This beautiful reality is carried out in the Offertory and given credit in the Secret whereby we beg God to increase our devotion, our stamina for Lent and ask, as His children, to gain from the merits of the Holy Sacrifice of the Mass the grace to persevere for, as Dom Gueranger says, "we are assisting, for it is the source of our salvation." He adds the following comments for the Communion and Postcommunion for today's Mass:

       "In the Communion-anthem, the Church sings the praise of the heavenly Jerusalem, which is figured by the basilica of Holy Cross, as we have already explained. She speaks of the joy of the tribes of the Lord, who are assembled in this venerable temple, and are contemplating, under the graceful symbol of the rose, the divine Spouse, Jesus. The fragrance of His perfection draws our hearts after Him. The divine mystery of the Bread of Life has been brought before us, that we might believe and love it. The Church, therefore, in the Postcommunion, prays that we may have the grace to receive this august mystery with becoming respect and careful preparation."

    The Abbot speaks of the Basilica of the Holy Cross which is the Station at Rome for today's Mass and the rose he mentions is the "golden rose" - a tradition first begun by Pope Leo IX in the eleventh century. This medieval tradition began in the Lateran Palace where the Pontiff blessed a golden rose - another reason today the vestments are rose-colored, rather than violet - and, in procession, the Pope would hold up the golden rose for all to see in his journey to the Basilica of the Holy Cross where he would bequeath the rose with joy to a worthy person or country of honor as a show of respect and gratitude by the Holy See. The rose represented a symbol of joy and, as Fr. Gueranger points out in prayer:

    "O God! by Whose word and power all things were created, and by whose will they are all governed! O Thou that art the joy and gladness of all Thy faithful people! we beseech Thy divine Majesty, that Thou vouchsafe to bless and sanctify this rose, so lovely in its beauty and fragrance. We are to bear it, this day, in our hands, as a symbol of spiritual joy: that thus the people that is devoted to Thy service, being set free from the captivity of Babylon by the grace of Thine only-begotten Son Who is the glory and the joy of Israel, may show forth, with a sincere heart, the joys of that Jerusalem, which is above, and is our mother. And whereas thy Church, seeing this symbol, exults with joy for the glory of Thy Name; do Thou, O Lord! give her true and perfect happiness. Accept her devotion, forgive us our sins, increase our faith; heal us by Thy word, protect us by Thy mercy; remove all obstacles; grant us all blessings; that thus this same Thy Church may offer unto Thee the fruit of good works; and walking in the odor of the fragrance of that Flower, which sprang from the root of Jesse, and is called the Flower of the field, and the Lily of the valley, may she deserve to enjoy an endless joy in the bosom of heavenly glory, in the society of all the saints, together with that divine Flower, Who liveth and reigneth with Thee in the unity of the Holy Ghost, world without end. Amen.'"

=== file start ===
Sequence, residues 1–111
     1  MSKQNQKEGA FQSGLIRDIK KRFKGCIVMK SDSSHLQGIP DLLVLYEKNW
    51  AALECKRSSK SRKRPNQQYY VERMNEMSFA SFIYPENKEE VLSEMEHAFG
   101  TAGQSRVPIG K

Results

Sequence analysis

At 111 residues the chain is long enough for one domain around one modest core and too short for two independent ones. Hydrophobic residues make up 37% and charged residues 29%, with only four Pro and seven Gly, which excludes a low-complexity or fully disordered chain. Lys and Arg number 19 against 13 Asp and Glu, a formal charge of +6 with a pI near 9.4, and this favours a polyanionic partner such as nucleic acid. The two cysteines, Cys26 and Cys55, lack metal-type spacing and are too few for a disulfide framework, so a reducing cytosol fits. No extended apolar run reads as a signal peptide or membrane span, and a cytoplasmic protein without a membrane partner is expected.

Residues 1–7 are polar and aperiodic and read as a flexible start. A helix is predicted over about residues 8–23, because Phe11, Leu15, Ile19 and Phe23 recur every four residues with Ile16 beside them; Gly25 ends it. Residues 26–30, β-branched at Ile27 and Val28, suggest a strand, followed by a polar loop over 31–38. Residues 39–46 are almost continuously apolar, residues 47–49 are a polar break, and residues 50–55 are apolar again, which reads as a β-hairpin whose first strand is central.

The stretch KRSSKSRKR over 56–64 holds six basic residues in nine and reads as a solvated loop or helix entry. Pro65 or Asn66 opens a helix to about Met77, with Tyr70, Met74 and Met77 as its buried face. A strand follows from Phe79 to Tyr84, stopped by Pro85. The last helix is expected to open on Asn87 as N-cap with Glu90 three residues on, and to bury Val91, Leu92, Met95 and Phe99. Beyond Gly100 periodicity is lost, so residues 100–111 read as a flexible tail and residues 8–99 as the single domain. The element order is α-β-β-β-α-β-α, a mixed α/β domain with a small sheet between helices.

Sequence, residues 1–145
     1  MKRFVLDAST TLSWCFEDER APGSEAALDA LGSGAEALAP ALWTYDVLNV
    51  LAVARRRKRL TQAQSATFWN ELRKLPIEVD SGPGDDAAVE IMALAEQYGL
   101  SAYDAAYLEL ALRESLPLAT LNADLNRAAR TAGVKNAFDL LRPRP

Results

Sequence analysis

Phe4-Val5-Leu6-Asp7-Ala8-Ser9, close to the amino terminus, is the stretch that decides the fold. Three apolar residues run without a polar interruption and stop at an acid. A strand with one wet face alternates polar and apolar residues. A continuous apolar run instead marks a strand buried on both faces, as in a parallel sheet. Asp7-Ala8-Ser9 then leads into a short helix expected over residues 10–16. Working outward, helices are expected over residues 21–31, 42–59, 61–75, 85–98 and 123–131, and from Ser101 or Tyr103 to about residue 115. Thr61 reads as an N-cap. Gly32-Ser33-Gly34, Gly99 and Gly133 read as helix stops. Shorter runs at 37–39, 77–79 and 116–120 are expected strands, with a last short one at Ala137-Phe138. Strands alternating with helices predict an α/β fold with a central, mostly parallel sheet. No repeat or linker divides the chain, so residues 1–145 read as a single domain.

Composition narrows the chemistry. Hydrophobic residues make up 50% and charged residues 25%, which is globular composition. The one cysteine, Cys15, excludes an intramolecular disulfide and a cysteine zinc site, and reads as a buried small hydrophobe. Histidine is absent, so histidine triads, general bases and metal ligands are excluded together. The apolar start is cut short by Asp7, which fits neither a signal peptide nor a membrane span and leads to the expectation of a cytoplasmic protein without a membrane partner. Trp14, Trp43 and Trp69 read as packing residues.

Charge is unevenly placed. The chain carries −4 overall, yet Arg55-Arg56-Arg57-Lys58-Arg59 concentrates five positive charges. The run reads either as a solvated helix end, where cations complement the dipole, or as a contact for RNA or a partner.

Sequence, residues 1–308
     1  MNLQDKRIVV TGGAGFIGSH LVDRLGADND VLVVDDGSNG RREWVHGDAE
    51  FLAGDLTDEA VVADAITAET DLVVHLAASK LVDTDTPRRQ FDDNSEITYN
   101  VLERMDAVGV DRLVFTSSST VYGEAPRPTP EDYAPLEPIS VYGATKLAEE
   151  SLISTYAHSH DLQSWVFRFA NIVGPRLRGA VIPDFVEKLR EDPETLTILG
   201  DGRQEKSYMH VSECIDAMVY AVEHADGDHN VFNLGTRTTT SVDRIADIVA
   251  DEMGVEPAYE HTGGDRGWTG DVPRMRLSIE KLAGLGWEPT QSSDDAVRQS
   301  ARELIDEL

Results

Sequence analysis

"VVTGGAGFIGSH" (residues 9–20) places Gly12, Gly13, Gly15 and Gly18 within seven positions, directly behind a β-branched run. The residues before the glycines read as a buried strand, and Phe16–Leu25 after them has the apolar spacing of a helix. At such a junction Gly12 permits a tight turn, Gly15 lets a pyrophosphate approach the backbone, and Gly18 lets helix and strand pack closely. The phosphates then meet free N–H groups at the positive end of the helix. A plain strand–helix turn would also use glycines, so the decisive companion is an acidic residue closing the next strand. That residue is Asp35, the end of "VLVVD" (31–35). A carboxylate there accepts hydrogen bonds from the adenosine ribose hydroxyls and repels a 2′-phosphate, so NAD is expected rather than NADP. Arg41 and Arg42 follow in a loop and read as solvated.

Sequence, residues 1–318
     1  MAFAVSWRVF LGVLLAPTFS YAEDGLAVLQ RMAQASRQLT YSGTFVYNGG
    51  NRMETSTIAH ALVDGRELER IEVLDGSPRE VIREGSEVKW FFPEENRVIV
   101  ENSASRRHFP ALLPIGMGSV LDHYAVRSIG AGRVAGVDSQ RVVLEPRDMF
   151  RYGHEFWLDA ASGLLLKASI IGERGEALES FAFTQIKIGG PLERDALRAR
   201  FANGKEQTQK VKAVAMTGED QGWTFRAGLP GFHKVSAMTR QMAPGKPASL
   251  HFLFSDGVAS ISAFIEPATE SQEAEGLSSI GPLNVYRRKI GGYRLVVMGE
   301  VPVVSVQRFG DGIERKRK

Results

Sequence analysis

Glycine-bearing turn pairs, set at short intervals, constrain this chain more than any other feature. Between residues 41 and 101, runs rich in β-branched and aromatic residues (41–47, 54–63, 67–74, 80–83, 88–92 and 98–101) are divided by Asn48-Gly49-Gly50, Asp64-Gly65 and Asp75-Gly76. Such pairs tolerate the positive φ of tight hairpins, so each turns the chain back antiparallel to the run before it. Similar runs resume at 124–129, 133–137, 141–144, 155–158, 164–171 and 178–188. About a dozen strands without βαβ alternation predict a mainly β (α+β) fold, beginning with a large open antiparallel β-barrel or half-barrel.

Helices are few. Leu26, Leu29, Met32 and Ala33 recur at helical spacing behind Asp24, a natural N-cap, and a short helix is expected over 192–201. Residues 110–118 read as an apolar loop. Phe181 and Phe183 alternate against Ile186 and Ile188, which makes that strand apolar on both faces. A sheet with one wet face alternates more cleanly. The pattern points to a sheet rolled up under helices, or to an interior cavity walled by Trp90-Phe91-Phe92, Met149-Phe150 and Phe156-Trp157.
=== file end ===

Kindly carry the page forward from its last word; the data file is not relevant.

Oh, what we have lost in the greater majority of the Church today because of the conciliar church's insistence on wreckovating not only the holy Altar of the Lord, but gutting the essence of the propitiatory sacrifice and eliminating such wisdom of a one-year liturgical cycle where Holy Mother Church, in her inspired wisdom, provided nourishment for century upon century upon century and populated the heavenly Jerusalem. And that is what it is all about, salvation. The thrice-defined Dogma of Extra Ecclesiam Nulla Salus - "Outside the Church there is no Salvation." There are not many churches where the Holy Ghost resides, but One Church, the very Church founded by Christ and reinforced in today's Proper of the Mass as the new Jerusalem, freed of the bondage of the Old Testament severity, and given the everlasting Bread of Life miraculously confected in every true Holy Sacrifice of the Mass. It is truly a day to rejoice and to reflect on the Cause of our Joy.

Michael Cain, editor, The Daily Catholic




VerbumQUO for the FOURTH SUNDAY OF LENT (Laetare Sunday